Automatic Acquisition of Historical Knowledge from Encyclopedic Texts gif

Richard Hull
Merck Research Laboratories
Box 2000, RY50SW-100
Rahway, NJ 07065

Fernando Gomez
Department of Computer Science
University of Central Florida
Orlando, FL 32816


Automatically acquiring knowledge from encyclopedic texts, specifically the biographies of famous people found in the World Book Encyclopedia, begins with an electronic version of the text of a biography and ends with knowledge structures representing the knowledge that has been acquired. This acquisition process is performed without human assistance of any kind and thus involves not only issues in the area of knowledge acquisition, but also issues in natural language understanding and knowledge representation. We describe one problem from each of these two areas: interpreting deverbal nominalizations and the representation of a priori knowledge. The results of two comprehensive experiments are presented which show that these problems can be solved on the way to near human performance in answering a large set of questions.


Automatically acquiring knowledge from encyclopedic texts, specifically the biographies of famous people found in the World Book Encyclopedia, begins with an electronic version of the text of a biography and ends with knowledge structures representing the knowledge that has been acquired. This acquisition process is performed without human assistance of any kind and thus involves not only issues in the area of knowledge acquisition, but also issues in natural language understanding and knowledge representation. The knowledge, once acquired, can then be used to satisfy other computational tasks.

We began acquiring knowledge from encyclopedic texts concerning animals in 1993 and 1994[Gomez et al., 1994; Gomez, 1995a], using SNOWY, a program which acquires knowledge from expository texts[Gomez & Segami, 1991]. At that time, we investigated many of the issues that had to be faced to automatically acquire knowledge about the dietary habits and habitats of animals, using the World Book Encyclopedia CD-ROM as the source of our answers. The results of this investigation were quite promising: the system generated a single, correct parse for 71% of the sentences selected as relevant, and generated a correct and complete interpretation for 55% of the parsed sentences. Using the knowledge acquired during this process allowed the system to answer many interesting questions about animals, such as, Which birds eat nectar? and Do monkeys have enemies?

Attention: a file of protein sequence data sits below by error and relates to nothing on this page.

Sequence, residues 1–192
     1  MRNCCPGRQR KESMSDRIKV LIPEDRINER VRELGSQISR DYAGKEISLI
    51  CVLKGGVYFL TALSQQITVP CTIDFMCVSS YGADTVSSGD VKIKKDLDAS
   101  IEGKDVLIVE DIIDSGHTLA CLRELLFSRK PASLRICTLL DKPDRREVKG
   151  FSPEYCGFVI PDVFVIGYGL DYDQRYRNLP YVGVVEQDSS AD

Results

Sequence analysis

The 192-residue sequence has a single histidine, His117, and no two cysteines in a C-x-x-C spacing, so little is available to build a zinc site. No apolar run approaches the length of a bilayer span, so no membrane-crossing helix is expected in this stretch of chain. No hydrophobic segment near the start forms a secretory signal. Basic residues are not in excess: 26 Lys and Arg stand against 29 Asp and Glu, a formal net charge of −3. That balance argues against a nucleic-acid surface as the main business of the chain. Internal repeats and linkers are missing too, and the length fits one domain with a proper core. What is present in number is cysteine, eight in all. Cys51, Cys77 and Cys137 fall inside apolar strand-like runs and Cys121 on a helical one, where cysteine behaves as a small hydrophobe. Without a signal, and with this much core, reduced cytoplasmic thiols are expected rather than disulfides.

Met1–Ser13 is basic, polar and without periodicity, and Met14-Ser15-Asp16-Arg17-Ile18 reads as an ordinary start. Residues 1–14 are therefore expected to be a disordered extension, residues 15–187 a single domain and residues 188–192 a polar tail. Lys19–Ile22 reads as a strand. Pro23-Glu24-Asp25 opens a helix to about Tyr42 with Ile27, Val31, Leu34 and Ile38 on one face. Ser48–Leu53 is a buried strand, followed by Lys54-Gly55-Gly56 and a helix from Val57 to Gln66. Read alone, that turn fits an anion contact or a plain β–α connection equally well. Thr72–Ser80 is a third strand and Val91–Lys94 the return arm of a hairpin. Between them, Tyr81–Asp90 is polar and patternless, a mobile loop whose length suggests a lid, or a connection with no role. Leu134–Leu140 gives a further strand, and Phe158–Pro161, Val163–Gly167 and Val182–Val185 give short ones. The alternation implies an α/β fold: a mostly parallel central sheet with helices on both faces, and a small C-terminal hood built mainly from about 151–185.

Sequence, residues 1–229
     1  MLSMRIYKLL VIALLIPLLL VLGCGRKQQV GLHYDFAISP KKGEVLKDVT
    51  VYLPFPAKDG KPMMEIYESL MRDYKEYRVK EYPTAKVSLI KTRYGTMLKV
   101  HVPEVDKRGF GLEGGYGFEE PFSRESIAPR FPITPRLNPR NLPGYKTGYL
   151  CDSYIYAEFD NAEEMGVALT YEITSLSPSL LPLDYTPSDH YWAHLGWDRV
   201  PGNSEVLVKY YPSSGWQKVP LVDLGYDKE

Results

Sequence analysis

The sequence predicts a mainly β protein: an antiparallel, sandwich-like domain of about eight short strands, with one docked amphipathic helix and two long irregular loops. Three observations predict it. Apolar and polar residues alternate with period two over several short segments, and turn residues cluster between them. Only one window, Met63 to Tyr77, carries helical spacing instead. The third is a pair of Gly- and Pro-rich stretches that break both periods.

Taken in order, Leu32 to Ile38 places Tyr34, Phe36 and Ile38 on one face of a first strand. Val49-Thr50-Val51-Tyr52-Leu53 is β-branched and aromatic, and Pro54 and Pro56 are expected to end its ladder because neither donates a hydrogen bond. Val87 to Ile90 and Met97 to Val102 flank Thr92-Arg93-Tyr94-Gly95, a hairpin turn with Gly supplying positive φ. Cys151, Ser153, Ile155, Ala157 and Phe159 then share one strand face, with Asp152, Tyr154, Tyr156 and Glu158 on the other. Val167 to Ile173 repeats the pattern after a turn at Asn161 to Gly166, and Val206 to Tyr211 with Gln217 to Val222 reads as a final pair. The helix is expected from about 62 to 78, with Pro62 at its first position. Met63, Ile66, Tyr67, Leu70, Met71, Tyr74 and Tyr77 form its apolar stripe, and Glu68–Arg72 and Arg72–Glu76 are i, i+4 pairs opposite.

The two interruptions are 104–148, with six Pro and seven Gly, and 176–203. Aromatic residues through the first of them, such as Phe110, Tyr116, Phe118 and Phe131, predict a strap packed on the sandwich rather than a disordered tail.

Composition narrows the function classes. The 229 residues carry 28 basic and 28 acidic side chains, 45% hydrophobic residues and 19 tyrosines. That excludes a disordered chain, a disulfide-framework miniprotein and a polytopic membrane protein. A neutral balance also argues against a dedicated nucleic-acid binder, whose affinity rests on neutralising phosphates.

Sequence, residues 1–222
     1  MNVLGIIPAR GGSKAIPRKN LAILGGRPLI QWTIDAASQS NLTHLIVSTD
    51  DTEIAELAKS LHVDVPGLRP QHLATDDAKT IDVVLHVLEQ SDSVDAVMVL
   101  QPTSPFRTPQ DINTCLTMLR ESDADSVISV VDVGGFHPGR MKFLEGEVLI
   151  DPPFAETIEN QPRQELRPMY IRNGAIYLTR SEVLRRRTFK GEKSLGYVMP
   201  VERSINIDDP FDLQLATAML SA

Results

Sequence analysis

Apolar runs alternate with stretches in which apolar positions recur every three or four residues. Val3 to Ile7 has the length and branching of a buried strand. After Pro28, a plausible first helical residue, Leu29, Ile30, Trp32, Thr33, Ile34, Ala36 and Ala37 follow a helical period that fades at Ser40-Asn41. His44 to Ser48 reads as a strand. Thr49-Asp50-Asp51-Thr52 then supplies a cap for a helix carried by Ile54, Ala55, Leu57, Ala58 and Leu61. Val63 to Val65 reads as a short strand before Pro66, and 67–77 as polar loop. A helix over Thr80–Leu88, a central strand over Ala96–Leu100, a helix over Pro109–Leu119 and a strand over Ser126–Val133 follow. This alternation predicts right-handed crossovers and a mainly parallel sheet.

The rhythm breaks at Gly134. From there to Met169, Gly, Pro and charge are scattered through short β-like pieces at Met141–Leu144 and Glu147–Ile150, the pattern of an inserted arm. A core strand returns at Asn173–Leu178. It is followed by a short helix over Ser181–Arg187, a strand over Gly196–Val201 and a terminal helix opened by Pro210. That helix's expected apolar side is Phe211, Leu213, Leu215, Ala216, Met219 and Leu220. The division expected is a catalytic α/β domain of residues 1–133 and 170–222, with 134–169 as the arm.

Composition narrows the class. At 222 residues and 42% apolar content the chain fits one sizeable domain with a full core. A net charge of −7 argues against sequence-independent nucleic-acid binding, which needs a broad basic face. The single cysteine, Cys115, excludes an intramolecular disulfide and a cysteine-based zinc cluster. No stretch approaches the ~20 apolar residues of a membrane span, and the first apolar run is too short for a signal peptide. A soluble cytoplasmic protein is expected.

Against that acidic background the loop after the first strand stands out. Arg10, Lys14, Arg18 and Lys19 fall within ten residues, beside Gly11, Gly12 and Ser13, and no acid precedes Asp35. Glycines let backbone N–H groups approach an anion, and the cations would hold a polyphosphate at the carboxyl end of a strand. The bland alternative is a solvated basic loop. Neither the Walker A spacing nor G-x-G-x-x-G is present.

Towards the end of 1994, our attention turned to what we felt was an even more challenging task: acquiring knowledge about the famous people described in the World Book. Initial examination of these biographies showed that they contained a much larger set of relationships between domain concepts, and that the syntactic construction of deverbal nominalization was much more common in these texts than in the animal ones. The question we sought to answer then became, ``If these two problems can be handled in a general manner, how much knowledge can we acquire from biographical articles?"

The remainder of this paper discusses these issues in detail and presents the results of two tests designed to answer this question. Section 2 provides background information about the parser and semantic interpreter used by the system. Section 3 explains the knowledge we sought to acquire and describes how the two issues of nominalizations and domain knowledge were handled. Section 4 details the results of the two tests. Lastly, section 5 presents related work and our conclusions.


Acquiring knowledge automatically from encyclopedic texts involves parsing and interpreting sentences as a first step. The success of subsequent processes will be limited by the success of the parser and interpreter. Therefore, it is appropriate to mention these two components to acquaint the reader with the methods that are used and how successfully they perform. Emphasis is given to the treatment of the interpreter, because the knowledge structures representing the knowledge that has been acquired are based on the output of the semantic interpreter (see [Gomez, 1996] for a discussion of this issue).

The input to the semantic interpreter is a partial parse. The design of the parsing algorithm has been motivated by the view that the output of a parser should not be a tree, but a structure in which constituents are related to each other not by immediate dominance relations, but by simple dominance relations [Marcus, et al., 1983; Marcus, 1987]. The reason for this is that immediate dominance relations between two constituents cannot be determined on the basis of syntax. As a result of this, the parser does not resolve structural ambiguity and does not attach prepositional phrases and other modifiers. However, the parser does resolve long-distance dependency resulting from relative clauses and questions. The output of the parser consists of the following syntactic relations: PP (prepositional phrase), subject, object, object2, and predicate. Object is built for the first postverbal complement of the verb, and object2 is built for the second postverbal complement of two-object verbs. The parser also produces an analysis of verb adjuncts like time NPs (noun phrases), and distance NPs, e.g., Peter read every hour, Geese fly long distances. Sentential complements are constructed by putting a pointer, a gensym, in the slot object, or, object2. Thus, the following structures are produced for the sentence ``Peter wants to read a book:'' (Note that NPs and verb phrases are also analyzed.)